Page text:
“Coco” works great on paper. It’s another big concept Pixar film about interpersonal relationships. Plus, it plays super sad right around the Holidays. The Pixar team gets that appeal to animation, but there’s something different happening here. While the plot bares an insane semblance to previous works such as “The Book of Life” and “Grim Fandango”; it also wants to fit in the ill-defined world of Pixar. Does that mean we should expect to see sentient toys and Wall-E show up? Not exactly.
What it means is that emotion rules intellect, but emotion also is deployed to make the audience look past the bare-bones nature of the story. While researching the film, I learned about the film’s original plot. It makes sense that the film was originally about a kid dealing with grief, even though that flies in the face of the Day of the Dead festivities. But, now the film exists as a kid trying to learn his family’s hidden stories as away of honoring his ancestors. What is lost here?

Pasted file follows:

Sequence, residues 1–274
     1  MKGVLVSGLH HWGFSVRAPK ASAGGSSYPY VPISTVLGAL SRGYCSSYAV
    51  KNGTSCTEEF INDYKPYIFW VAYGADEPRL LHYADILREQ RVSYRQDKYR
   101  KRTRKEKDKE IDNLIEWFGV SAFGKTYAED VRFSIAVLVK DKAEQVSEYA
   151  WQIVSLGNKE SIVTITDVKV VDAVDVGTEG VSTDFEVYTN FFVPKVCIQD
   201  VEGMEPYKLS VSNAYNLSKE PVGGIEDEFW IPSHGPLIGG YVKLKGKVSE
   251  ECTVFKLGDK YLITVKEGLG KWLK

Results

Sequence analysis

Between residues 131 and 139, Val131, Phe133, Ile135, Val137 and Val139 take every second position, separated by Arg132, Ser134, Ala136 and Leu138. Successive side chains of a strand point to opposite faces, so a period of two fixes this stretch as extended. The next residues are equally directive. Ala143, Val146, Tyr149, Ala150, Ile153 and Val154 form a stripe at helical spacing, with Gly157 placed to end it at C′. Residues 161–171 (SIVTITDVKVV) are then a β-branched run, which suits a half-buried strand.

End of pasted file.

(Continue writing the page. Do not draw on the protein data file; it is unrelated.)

Well, the removal of high concepts like grief turns this into another quest movie. The quest movie is an animation and kid cinema staple, but it also makes a rather interesting film pretty standard. After all, who really cares about a kid going into the Underworld to learn why his family doesn’t play music? It’s really nothing more than a delayed set-up for an emotional punch. Pixar knows better.
When the audience discovers Jesse’s abandonment issues in “Toy Story 2”, the build is earned and hits like a gut punch. For most of “Coco”, the audience is waiting for a big reveal that has been telegraphed from 10 minutes into the feature. Between this and the Frozen short at the start of the film, it feels very much like a compromise. I get that Disney is a little gun shy about a film like this, but come about it honestly.
- Deleted Scenes
- Coco Music Video
- Animated Short
- 2.39:1 1080p transfer
- DTS-HD 7.1 master audio track
RELEASE DATE: 2/27/18
The Plot Thus Far
Aspiring musician Miguel, confronted with his family’s ancestral ban on music, enters the Land of the Dead to work out the mystery.
Troy Anderson is the Owner/Editor-in-Chief of AndersonVision. He uses a crack team of unknown heroes to bring you the latest and greatest in Entertainment News.